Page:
"That screen saver on your iPod Touch with your arms around your husband? You can never find a picture like that of me and my husband."

"We live with my in-laws and we don't like to show affection around them, so now it is our habit not to show it."

"No - we rarely say 'I love you'. That's just not our way."

"I tell my kids 'I love you' every day but not my husband."

"If we go out with our friends, it's just like that - we don't hold hands or something. I would feel that is too strange."

I've also noticed that when my female friends come to a social gathering, they might bring a male guest. They act like friends but I really can't tell if they're dating: I suspect they're often in the early stages of it, but it's truly hard to tell.

And all of this, to me, is quite foreign, though not entirely surprising. I have to wonder - does the affection my husband and I show each other in public strike locals as being "too much"? Do they assume we're just dating and falling in love and not a married couple (I've encountered that before - new acquaintances who can clearly tell that we're a couple but are surprised to learn that we are married). Do our Taiwanese friends inwardly recoil when I put my hand on my husband's knee in public, or when he rubs the back of my neck? If so, are they just too polite to say anything? (I hope not - I'd rather know if I'm committing a faux pas).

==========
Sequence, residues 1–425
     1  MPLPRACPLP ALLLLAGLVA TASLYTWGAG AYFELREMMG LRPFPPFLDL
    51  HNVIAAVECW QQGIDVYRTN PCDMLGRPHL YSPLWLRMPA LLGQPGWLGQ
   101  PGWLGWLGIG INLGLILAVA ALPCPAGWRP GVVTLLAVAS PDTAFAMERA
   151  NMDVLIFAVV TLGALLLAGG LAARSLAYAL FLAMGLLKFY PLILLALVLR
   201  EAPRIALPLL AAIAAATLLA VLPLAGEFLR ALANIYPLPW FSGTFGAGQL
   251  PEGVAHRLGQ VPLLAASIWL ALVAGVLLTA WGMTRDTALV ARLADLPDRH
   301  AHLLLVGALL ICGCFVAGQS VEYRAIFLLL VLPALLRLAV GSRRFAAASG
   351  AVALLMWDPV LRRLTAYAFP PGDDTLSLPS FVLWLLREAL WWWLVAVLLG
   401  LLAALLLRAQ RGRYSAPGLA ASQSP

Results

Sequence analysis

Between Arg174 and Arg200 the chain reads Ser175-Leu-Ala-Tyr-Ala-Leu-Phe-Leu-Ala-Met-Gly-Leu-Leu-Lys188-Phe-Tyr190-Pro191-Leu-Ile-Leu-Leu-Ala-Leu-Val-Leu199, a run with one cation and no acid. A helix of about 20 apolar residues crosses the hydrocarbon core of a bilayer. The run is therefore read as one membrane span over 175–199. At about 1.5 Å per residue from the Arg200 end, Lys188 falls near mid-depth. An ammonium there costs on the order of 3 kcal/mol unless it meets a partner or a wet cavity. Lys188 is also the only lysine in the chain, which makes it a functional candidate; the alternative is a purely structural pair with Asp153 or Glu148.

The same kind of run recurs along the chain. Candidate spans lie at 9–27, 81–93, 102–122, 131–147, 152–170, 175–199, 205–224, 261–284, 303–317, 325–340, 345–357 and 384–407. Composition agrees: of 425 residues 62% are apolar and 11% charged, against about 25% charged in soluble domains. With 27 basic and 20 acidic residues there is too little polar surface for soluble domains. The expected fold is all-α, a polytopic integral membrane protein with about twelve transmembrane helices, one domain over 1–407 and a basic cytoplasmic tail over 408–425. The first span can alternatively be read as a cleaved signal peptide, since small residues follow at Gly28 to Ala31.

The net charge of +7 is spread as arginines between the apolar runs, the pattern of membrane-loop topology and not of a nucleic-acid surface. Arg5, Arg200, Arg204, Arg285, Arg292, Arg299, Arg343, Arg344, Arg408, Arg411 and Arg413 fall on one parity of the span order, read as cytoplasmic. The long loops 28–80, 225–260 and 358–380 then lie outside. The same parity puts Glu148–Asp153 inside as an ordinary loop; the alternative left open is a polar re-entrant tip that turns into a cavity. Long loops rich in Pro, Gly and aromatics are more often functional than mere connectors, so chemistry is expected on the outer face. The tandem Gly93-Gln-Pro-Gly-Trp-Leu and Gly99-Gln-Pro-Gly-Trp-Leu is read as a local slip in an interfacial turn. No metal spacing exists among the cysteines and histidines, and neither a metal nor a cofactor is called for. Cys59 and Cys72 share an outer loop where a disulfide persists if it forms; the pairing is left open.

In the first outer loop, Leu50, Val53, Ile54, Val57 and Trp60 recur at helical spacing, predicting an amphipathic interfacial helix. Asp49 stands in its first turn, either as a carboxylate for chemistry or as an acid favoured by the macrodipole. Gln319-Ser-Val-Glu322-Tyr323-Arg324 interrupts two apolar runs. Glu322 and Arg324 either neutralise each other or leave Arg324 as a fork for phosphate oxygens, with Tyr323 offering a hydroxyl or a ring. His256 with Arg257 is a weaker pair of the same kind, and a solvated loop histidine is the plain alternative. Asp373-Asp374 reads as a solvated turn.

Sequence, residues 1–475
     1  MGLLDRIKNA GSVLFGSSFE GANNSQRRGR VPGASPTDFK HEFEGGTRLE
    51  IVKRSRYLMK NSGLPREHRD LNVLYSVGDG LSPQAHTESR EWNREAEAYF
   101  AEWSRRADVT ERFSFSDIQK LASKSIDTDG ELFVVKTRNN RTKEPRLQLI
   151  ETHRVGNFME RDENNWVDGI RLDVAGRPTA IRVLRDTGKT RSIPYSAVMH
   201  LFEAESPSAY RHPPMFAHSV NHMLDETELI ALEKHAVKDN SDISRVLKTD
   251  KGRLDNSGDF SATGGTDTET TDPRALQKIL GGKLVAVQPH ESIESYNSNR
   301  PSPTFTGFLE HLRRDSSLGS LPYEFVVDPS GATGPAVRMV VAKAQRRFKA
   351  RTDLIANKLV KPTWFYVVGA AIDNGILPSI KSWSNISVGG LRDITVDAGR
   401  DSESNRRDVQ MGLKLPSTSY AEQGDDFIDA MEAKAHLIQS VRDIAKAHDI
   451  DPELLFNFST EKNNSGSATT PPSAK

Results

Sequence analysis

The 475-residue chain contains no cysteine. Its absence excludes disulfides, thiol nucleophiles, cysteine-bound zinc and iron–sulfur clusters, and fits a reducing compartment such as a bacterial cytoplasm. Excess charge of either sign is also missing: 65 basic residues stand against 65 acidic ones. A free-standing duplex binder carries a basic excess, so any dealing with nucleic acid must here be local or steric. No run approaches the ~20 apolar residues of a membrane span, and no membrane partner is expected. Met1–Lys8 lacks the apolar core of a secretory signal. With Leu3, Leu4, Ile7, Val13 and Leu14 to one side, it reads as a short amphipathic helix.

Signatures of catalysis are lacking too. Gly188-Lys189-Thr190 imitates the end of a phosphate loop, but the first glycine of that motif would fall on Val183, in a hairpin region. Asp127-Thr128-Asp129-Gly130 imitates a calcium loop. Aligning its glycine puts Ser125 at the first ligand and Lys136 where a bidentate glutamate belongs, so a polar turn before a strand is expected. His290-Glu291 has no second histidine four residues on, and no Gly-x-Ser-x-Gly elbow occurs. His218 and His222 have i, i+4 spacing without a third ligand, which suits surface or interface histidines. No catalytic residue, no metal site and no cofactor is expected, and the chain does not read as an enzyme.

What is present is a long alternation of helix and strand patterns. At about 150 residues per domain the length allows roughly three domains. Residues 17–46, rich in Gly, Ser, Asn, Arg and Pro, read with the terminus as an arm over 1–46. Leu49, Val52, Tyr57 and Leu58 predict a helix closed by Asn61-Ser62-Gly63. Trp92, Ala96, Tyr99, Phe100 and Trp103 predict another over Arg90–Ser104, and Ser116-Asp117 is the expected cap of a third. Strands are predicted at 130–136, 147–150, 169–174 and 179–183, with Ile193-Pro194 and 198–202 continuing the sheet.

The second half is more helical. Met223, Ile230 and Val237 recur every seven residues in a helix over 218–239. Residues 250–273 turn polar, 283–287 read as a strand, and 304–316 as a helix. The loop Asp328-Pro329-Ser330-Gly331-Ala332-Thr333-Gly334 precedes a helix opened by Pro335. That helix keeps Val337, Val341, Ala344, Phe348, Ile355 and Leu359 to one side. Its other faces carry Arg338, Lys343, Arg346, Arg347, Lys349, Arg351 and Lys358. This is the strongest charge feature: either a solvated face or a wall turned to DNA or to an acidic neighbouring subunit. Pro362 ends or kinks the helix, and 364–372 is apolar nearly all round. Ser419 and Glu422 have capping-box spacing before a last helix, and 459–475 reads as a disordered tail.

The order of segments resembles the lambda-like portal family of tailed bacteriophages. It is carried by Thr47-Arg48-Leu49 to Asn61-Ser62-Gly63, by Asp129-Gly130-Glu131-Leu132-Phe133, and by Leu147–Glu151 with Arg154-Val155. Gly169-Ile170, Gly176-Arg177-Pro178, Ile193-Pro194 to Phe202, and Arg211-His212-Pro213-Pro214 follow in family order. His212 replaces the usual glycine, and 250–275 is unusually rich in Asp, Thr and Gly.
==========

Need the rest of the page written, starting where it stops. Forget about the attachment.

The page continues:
Which leads me to contemplate both relationships and motherhood from my own perspective against what seems to be the norm in Taiwan - with the obvious caveat that everyone is different, everyone's mileage will vary, and we're talking in more observed trends than facts.

That's for another post, though.

1 comment:

160chan said...

I can relate to your post!

I'm Taiwanese American (born and raised by taiwanese immigrants) and on mothers day my dad always asks "why do I need to do anything?? She's not my mother!" to which my mom says 你能不能少講幾句啊!?